A number of Eva Burrows College (EBC) faculty members have contributed to a new collection of essays edited by EBC adjunct lecturer, Major Dr Dean G. Smith and Rob A. Fringer.
A number of EBC faculty members have contributed to a new collection of essays edited by EBC adjunct lecturer, Major Dr Dean G. Smith and Rob A. Fringer – Wesleyan Perspectives on Human Flourishing (Eugene: Pickwick, 2021). The book is the first in a projected series of volumes of essays derived from the conferences of The Australasian Centre for Wesleyan Research, of which Pilgrim Theological College and EBC are Partner Institutes.
Chapters by EBC staff are:
Emma Moore, ‘How Relationality Facilitates Human Flourishing: A Neurobiological and Christological Conversation.’
Glen O’Brien, ‘John Wesley on the State of the Nation and its People.’
Matthew Seaman, ‘Exploring Salvationist Understandings of Holiness in the Anthropocene.’
Dean G. Smith, ‘Healing Our Intellectual Ambivalence: The Salvation Army and the Challenge of Higher Education in the New Millennium.’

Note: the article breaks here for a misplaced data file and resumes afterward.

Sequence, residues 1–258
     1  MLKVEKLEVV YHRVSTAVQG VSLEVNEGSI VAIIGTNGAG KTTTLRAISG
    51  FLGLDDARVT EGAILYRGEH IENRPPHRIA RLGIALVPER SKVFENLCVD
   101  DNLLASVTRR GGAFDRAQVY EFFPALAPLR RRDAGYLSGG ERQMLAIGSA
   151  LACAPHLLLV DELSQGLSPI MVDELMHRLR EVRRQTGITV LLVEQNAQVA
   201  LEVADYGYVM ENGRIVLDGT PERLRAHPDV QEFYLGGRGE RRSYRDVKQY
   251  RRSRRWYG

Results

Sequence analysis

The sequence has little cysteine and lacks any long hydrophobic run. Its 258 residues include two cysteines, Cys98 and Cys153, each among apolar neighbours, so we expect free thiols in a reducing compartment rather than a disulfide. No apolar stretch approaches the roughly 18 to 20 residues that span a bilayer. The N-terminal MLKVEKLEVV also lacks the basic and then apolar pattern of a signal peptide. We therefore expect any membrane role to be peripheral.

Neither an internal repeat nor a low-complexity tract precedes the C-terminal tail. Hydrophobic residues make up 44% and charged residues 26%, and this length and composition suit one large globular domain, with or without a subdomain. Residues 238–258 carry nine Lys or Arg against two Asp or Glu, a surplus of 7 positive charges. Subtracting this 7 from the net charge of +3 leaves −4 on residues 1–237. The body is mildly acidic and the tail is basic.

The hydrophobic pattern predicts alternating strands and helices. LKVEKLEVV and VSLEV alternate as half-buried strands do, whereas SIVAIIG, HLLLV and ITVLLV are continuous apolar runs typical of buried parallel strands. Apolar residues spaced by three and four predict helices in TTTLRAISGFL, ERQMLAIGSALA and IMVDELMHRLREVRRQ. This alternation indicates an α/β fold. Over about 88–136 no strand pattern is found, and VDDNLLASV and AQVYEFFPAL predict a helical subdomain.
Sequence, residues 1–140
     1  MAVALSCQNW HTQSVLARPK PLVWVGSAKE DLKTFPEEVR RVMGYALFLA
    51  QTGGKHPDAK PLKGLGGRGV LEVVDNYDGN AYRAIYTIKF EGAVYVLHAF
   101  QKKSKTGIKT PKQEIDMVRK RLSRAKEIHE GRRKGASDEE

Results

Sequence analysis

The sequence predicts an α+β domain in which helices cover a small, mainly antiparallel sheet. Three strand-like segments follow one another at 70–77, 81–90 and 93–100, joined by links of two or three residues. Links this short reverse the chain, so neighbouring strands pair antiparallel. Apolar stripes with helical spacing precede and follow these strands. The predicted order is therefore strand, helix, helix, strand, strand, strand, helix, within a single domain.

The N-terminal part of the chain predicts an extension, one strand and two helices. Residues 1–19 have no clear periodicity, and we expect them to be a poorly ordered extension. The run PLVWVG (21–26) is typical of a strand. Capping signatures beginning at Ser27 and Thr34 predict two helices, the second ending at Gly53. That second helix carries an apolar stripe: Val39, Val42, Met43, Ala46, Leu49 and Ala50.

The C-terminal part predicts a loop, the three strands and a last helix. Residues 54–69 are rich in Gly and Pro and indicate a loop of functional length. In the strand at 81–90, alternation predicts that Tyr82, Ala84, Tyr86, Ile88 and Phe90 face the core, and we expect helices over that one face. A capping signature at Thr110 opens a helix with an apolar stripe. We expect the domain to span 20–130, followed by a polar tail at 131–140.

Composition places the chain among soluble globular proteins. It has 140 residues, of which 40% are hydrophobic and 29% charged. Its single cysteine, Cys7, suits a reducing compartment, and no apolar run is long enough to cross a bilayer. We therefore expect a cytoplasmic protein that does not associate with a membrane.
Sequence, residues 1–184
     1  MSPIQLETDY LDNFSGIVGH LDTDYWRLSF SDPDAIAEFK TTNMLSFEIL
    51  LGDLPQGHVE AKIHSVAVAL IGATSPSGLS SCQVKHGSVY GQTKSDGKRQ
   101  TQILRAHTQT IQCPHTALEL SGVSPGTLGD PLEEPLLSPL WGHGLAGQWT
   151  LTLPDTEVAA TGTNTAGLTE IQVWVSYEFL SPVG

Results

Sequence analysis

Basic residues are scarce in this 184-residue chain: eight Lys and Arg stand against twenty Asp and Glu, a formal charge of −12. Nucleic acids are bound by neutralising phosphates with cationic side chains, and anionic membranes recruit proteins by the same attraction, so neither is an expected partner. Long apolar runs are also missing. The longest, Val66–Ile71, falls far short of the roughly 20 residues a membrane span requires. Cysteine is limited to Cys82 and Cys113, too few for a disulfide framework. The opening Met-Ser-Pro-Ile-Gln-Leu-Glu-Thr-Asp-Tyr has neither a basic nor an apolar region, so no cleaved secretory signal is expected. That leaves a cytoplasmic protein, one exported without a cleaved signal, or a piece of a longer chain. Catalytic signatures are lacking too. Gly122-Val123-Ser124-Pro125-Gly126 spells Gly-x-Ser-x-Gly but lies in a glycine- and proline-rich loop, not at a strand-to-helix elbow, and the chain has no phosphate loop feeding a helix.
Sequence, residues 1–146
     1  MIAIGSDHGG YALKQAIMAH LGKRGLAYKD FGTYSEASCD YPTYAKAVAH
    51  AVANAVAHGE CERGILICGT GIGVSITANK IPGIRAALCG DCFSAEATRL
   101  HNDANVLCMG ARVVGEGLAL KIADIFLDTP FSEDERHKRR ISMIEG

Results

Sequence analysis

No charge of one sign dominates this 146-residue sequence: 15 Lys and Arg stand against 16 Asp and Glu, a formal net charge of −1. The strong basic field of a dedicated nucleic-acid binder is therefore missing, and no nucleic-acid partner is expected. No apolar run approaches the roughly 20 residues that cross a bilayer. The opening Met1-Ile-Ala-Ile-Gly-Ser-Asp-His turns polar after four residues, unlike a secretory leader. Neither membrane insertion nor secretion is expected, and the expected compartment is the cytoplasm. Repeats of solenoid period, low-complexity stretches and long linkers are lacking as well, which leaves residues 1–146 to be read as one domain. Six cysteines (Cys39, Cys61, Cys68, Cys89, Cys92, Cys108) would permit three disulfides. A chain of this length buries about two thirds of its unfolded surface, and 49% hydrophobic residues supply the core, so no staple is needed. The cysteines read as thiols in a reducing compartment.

John Capper (external member of EBC’s Academic Committee) also contributed, ‘Divine Joy and Human Gladness in Life in Christ.’
From the book jacket: ‘Human flourishing is an ever-expanding concept that crosses geographic, ethnic, cultural, and religious lines as persons, both individually and corporately, seek to find happiness, fulfillment, and purpose. This book brings together well-established and burgeoning Wesleyan scholars to consider not only John and Charles Wesley’s understanding of human flourishing but the broader Wesleyan perspectives on contemporary issues such as calling, creation care, healthcare, education, technological enhancements, death and dying, and more. Throughout these chapters the complexities and challenges of life, both past and present, are explored and grappled with, and we are reminded over and again that God is the ultimate source of flourishing.’